Cost of Hedging Europe Stocks Rises to Brexit High as U.S. Votes

  • Stoxx 600 rises amid volume lower than 30-day average
  • Clinton held lead over Trump in most pre-election polls

Is a Vote for Trump a Vote for Populism?

As Americans cast ballots for their next president, European stocks rose, while traders paid up the most since the Brexit referendum for protection against declines.

The cost of bearish options on the Euro Stoxx 50 Index has jumped about 50 percent relative to bullish contracts in the past two weeks, data compiled by Bloomberg show. The bets increased as the runup to the election roiled equity markets, sending the broader Stoxx Europe 600 Index to its longest streak with no gains since 1994. The benchmark measure closed 0.3 percent higher, erasing a loss of as much as 0.3 percent, as investors sought early hints about the outcome of the vote. Miners and banks led the advance.

Investors who were caught unawares by the U.K.’s June decision to leave the European Union have steered clear of aggressive new positions ahead of the U.S. election. The volume of Stoxx 600 shares changing hands was 12 percent lower than the 30-day average. Most opinion polls showed Democrat nominee Hillary Clinton ahead of Republican Donald Trump, while stocks rallied yesterday after the Federal Bureau of Investigation reiterated its decision not to seek criminal charges against her.

“Light volumes show many asset managers are unwilling to commit,” said Michael Ingram, a market strategist at BGC Partners in London. “There is still a niggling worry that they will, once again, be drawn in on misleading polls and slam face-first into a Trump slump.”

The Stoxx 600’s advance today is in keeping with historical trend. Since its inception about three decades ago, the index has risen on every U.S. election day. Clinton led Trump by three percentage points among likely voters nationally, according to the final Bloomberg Politics national poll published before the election, with Goldman Sachs Group Inc. saying she’s more likely to win. Results will arrive after states begin to close polls at 6 p.m. Eastern time.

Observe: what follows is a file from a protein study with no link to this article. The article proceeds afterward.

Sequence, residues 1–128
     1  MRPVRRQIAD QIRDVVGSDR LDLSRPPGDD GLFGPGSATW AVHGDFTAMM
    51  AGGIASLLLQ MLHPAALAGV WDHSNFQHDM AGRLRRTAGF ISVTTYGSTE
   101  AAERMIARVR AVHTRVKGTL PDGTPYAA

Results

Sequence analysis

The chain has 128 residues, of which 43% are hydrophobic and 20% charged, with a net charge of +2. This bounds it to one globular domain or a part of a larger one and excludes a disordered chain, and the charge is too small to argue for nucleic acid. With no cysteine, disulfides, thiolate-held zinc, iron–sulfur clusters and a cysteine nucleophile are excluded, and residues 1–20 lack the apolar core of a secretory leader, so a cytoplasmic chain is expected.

Trading of bearish Euro Stoxx 50 options has surged this month, with more than 900,000 puts changing hands daily on average through Monday, compared with about 524,000 calls. The put-to-call ratio is heading for its highest since May 2010, data compiled by Bloomberg show.

The Stoxx 600 capped its biggest two-day advance in more than a month, rebounding from a 4.5 percent drop in the previous 11 sessions. While uncertainty about the outcome of the U.S. vote has dominated investor sentiment in recent days, tepid earnings reports and worries about tightening monetary policy have also weighed on stocks since a four-month high in September. Profits at the benchmark’s members are down 1 percent so far this season, according to a note by JPMorgan Chase & Co.

Among stocks active on corporate news:

  • Credit Agricole SA rose 5.6 percent after the French bank said quarterly profit doubled from a year earlier and bond-trading income surged. 
  • Associated British Foods Plc jumped 5.8 percent after forecasting an improvement in annual earnings, saying it will benefit from higher sugar prices and a favorable translation effect from the pound’s decline. 
  • ArcelorMittal tumbled 4.3 percent after the world’s biggest steelmaker warned that a surge in coal prices would hurt earnings in the last three months of the year. The move came even as a gauge of Stoxx 600 miners rallied 1.4 percent, with BHP Billiton Ltd. and Antofagasta Plc tracking gains in copper.
  • Marks & Spencer Group Plc declined 5.2 percent after the retailer said it plans to close all its stores in 10 foreign countries and shutter 30 outlets at home. 
  • Imperial Brands Plc lost 3 percent as the maker of cigarettes said its investment plan will drag on full-year earnings.
  • Vestas Wind Systems A/S slid 9.1 percent after forecasting slower growth next year.
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